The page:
Because in a place like the Pilbara, sometimes that’s all you have.

From the relative safety of a giant hospital, it’s easy to say it wasn’t that bad.

But when you’re alone, and far from help, all your brain can think is: what if it gets worse, or I make it worse, and I can’t fix it?

My phone rings. It’s my friend, the cardiology AT from Royal Perth.

“He’s reverted,” I say.

“Okay, great.” He’s all business. “But still get him down here.”

“We’ll accept care.”

“Colm,” I say when I hang up. “You’re going to see the fucking cardiologist.”

“If you don’t get on that plane when it arrives, I’ll kill you.”

When Colm is less grey in the face, and three more ECGs look normal, I call Holly, who races into the clinic.

As she is scolding him for not going to the cardiologist and drinking too much, and crying and thanking me, I slip out the back door.

The lights are dim, but I can just make out the flat tabletops of the mountains in the distance.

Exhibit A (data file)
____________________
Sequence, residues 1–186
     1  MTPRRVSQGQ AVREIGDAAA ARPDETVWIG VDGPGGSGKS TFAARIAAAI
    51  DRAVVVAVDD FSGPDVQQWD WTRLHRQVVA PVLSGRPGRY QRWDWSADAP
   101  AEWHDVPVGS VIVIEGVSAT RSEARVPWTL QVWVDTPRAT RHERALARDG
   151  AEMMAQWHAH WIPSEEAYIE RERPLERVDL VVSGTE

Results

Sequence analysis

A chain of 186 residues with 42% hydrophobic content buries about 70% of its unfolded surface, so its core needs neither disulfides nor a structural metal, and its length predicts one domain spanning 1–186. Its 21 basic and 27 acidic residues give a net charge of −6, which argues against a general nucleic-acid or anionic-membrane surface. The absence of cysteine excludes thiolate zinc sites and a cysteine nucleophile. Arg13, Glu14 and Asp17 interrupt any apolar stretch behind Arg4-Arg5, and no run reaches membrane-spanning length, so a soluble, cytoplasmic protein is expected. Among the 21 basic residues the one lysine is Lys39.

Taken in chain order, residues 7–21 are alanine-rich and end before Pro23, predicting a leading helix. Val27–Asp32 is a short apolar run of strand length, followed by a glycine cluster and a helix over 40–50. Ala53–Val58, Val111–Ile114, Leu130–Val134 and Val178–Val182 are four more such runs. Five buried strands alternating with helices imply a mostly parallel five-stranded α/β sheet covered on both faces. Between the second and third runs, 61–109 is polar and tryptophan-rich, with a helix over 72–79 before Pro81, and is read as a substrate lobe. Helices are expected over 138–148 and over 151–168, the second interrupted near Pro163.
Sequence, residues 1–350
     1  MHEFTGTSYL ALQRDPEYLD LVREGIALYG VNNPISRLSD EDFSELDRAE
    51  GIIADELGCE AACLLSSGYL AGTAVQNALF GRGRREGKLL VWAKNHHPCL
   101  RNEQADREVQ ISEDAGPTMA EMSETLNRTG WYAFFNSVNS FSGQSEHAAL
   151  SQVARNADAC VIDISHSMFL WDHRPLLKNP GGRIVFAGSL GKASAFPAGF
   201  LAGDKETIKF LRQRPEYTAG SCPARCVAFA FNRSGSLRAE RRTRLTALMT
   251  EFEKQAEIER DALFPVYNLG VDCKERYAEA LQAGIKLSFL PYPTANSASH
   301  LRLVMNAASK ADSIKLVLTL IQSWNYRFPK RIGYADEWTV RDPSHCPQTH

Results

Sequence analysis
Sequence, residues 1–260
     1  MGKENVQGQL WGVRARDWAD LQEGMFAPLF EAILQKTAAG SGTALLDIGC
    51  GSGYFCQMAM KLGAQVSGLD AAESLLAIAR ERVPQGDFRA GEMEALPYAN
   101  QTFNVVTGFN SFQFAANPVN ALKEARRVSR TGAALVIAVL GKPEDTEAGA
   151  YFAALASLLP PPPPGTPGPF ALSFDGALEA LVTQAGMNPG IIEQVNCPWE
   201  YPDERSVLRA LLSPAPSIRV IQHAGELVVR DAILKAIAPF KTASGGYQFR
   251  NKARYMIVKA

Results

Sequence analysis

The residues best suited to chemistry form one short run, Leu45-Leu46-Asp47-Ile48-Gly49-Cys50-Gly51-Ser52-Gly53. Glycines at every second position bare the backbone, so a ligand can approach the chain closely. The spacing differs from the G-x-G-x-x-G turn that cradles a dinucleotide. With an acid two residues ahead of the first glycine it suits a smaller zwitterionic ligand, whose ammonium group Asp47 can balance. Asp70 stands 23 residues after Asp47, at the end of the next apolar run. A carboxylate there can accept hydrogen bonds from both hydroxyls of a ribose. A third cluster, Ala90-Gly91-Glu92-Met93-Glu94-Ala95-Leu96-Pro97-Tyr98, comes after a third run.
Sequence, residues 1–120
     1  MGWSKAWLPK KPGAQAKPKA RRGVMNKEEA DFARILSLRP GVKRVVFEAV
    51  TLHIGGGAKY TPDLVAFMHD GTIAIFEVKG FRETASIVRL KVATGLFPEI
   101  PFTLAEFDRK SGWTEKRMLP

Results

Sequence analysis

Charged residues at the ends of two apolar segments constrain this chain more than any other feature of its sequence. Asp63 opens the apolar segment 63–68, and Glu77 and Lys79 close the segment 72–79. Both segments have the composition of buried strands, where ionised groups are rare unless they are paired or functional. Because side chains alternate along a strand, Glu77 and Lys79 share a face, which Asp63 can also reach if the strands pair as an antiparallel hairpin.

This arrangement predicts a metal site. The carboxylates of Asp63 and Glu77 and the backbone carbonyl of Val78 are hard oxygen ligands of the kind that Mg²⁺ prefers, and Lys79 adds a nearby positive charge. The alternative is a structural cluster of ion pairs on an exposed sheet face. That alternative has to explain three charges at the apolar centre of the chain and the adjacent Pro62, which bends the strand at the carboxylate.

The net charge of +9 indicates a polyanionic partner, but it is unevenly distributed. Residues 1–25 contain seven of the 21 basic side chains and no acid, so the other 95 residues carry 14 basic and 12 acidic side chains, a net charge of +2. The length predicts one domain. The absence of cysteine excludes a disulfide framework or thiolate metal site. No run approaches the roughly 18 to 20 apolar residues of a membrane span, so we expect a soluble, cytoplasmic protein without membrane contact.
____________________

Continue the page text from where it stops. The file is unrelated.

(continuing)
Soon it will be daylight, and the plane will be here to take Colm to the safety and civilisation of a big teaching hospital.

By the time heartdoc_82 texts me back, Colm is well on his way to the city and I’m in bed, trying to sleep.

Sorry—missed this. Wolff Parkinson White, that’s a really tough one. Love to hear about it.

Part of me wants to feel infuriated at the casual throwaway tone, at the lack of care from someone who promised me they would never let me down.

But all I feel is really tired and really old.

This is an edited extract from Put Your Feet in the Dirt, Girl by Sonia Henry (Allen & Unwin, $34.99), available now.

If this news story has raised issues for you, or you are concerned about someone you know, you can call the following support services 24 hours a day, seven days a week:

State- and territory-based doctors’ health services

  • ACT: 1300 374 377
  • NSW: 02 9437 6552
  • NT: 08 8366 0250
  • Queensland: 07 3833 4352
  • SA: 08 8366 0250
  • Tasmania: 1300 374 377             
  • Victoria: 03 9280 8712
  • WA: 08 9321 3098

Mental Health Support Line (Telepsychology)

  • 1300 374 377 (Dr4Drs)

Other services 

Lifeline: 13 11 14 

Beyond Blue: 1300 22 4636